Parshiot Shabbat Chol HaMoed Pesach - Shevi'i shel Pesach 5774, 2014: "Understanding the Days of the Messiah"Read Now
Parshiot Chol HaMoed Pesach – Shevi’i shel Pesach 5774, 2014
Understanding the Days of the Messiah
Rabbi David Etengoff
Dedicated to the sacred memories of my mother, Miriam Tovah bat Aharon Hakohen, father-in-law, Levi ben Yitzhak, sister-in-law, Ruchama Rivka Sondra bat Yechiel, sister, Shulamit bat Menachem, Chaim Mordechai Hakohen ben Natan Yitzchak, Shmuel David ben Moshe HaLevy, and Yehonatan Binyamin ben Mordechai Meir Halevi, and the refuah shlaimah of Yosef Shmuel ben Miriam.
What will be the singular characteristics of the “days of the Messiah” (“yimot hamashiach”)? Will they literally be like the prophet Yeshiyahu’s famous words as found in the haftorah for the last day of Pesach?
And a wolf shall live with a lamb, and a leopard shall lie with a kid; and a calf and a lion cub and a fatling [shall lie] together, and a small child shall lead them. And a cow and a bear shall graze together, their children shall lie; and a lion, like cattle, shall eat straw. And an infant shall play over the hole of an old snake and over the eyeball of an adder, a weaned child shall stretch forth his hand. (11:6-8, this and all Bible translations, The Judaica Press Complete Tanach)
Shmuel (165-257 C.E.), one of the greatest of the Babylonian Talmudic Sages, clearly understood the preceding passage in a metaphoric sense. Instead of a world wherein Nature and the instinctual behaviors of the animal kingdom will be radically altered, we will have a world wherein the Jewish people will finally be completely free of the yoke and control of oppressors. Thus he declared: “There will be no difference between our world and the days of the Messiah except for the cessation of the domination of the kingdoms of the world [over the Jewish people].” (Talmud Bavli, Sanhedrin 99a, translation and brackets my own) Thus, for Shmuel, yimot hamashiach will be a time of complete socio-political freedom for our people and nation.
The Rambam (Maimonides, 1135-1204) explicated Shmuel’s position in his halachic magnum opus, Mishneh Torah, Hilchot Melachim 11:1 and 12:1 and 2:
King Messiah will arise in the future and return the kingship of David to its former greatness and glory. He will rebuild the Holy Temple and gather all of the exiles to the Land of Israel. All of the laws will be in effect during his days just as they were in earlier times. We will [once again] offer korbanot (animal offerings) and keep the laws of the Sabbatical and Jubilee years just like all of the other laws stated in the Torah.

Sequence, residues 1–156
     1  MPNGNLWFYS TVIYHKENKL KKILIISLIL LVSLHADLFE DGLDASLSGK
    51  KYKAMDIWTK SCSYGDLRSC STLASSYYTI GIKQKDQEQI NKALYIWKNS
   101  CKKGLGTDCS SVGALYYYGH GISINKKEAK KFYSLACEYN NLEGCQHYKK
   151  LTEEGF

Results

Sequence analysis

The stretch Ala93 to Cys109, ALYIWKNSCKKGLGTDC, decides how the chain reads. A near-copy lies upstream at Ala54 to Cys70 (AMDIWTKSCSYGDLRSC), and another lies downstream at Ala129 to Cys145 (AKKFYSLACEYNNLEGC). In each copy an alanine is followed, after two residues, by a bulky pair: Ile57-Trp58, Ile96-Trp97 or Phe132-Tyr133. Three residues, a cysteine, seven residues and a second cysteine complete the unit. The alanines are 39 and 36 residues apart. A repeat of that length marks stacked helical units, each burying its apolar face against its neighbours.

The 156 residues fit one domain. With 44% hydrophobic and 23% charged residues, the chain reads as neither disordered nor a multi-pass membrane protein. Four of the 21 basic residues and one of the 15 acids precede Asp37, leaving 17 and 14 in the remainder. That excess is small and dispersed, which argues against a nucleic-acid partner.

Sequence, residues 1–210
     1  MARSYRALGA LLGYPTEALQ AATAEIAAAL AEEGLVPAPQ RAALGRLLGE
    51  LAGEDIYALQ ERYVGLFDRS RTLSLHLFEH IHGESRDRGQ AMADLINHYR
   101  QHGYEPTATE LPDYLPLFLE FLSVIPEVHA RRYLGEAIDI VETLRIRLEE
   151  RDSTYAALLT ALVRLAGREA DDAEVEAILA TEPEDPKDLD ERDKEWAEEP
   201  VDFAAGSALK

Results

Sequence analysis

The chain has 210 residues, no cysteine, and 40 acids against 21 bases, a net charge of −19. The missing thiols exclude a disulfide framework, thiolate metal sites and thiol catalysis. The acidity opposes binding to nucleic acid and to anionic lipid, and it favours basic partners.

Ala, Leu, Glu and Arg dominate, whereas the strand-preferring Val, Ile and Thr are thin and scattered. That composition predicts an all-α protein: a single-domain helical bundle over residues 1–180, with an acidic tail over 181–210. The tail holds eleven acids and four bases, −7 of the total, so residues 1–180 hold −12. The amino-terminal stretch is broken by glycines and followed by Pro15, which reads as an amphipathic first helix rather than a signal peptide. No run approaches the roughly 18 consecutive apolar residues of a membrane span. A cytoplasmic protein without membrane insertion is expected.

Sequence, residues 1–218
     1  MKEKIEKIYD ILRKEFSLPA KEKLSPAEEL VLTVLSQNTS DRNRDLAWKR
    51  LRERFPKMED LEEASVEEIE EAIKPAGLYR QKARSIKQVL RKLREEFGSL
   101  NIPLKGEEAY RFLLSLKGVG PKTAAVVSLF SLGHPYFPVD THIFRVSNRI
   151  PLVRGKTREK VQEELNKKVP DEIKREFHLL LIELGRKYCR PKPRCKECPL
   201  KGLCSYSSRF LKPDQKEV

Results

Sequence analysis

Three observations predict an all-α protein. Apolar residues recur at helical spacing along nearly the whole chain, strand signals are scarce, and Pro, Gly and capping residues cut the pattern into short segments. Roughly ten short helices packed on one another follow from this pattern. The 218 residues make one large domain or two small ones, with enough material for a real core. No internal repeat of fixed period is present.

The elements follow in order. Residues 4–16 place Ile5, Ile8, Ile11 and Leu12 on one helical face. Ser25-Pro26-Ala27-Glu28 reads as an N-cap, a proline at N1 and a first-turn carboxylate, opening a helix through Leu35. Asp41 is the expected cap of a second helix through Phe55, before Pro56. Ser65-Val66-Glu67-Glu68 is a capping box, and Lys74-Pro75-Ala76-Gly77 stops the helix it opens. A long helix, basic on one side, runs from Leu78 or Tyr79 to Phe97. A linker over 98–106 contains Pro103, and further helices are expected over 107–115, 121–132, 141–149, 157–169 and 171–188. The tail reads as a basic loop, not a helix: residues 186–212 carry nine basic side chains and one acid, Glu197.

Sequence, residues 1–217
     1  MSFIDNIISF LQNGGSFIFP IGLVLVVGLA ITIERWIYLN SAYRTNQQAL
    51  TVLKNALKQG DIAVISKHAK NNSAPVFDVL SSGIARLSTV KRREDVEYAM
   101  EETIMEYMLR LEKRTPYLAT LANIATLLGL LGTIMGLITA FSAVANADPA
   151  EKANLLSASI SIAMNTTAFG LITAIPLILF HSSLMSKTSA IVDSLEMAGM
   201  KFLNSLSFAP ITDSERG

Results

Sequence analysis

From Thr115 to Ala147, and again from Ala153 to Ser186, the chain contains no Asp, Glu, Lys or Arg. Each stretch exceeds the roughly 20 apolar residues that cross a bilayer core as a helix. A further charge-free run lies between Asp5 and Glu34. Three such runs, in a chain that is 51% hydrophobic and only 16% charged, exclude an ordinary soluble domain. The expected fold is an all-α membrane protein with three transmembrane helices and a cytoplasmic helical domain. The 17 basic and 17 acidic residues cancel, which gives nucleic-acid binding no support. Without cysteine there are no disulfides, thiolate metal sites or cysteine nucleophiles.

One ought not to think that in the days of the Messiah anything will change in the nature of the world (m’minhago shel haolam), or that there will be some new creation within Nature (b’maaseh Bereishit). Rather, the world will continue in its normal fashion. The passage in Isaiah that states “And a wolf shall live with a lamb, and a leopard shall lie with a kid…” is merely a metaphor. Rather, it really means that the Jewish people will live in comfort and without fear with the evil non-Jewish nations who are symbolically represented by the terms “wolf” and “leopard.”
Our Sages stated: “There will be no difference between our world and the days of the Messiah except for the cessation of the domination of the kingdoms of the world [over the Jewish people].” (Translation, underlining, and brackets my own)
One is immediately struck by the purely naturalistic position taken by Maimonides. The reinstitution of the Davidic monarchy “to its former greatness and glory,” in the person of the true Messiah, is the necessary and fundamental criterion for the achievement of all other Jewish eschatological goals. “Former greatness and glory” means uncontested Jewish hegemony over our own G-d-promised and gifted land. Pragmatically, it means that all of the unending political pressures faced by the modern State of Israel will cease. It means, as well, that Israel will one day be perceived as the preeminent nation in the world, since all countries will recognize it as being G-d’s unique dwelling place among mankind. This will take place as a natural result of all of the nations of the world “returning to the true faith” i.e. monotheism (Ibid. , 12:5).
Once we are politically free and no longer beholden to any earthly power, the Melech Hamashiach (King Messiah) will be able to “rebuild the Holy Temple and gather all of the exiles to the Land of Israel.” Approximately 1500 years ago, these hopes and aspirations were given ardent voice by our Sages in two blessings of the Shemoneh Esrei (Amidah or Silent Prayer):
And may You return to Your holy city in mercy, and dwell therein as You have spoken. And may You build it soon and in our days as a permanent construction. And may the throne of King David rapidly be re-established therein. Blessed are You Hashem, He who builds Jerusalem.
Sound the great shofar [whose clarion call] declares our freedom. And raise up our standard to gather around all of our exiles, and gather us all together from the four corners of the earth. Blessed are You Hashem, He who gathers the exiles of His people Israel. (Translation and brackets my own)
May this Pesach be the time wherein these prayers will be answered. V’chane yihi ratzon.
Shabbat Shalom and chag kasher v’sameach
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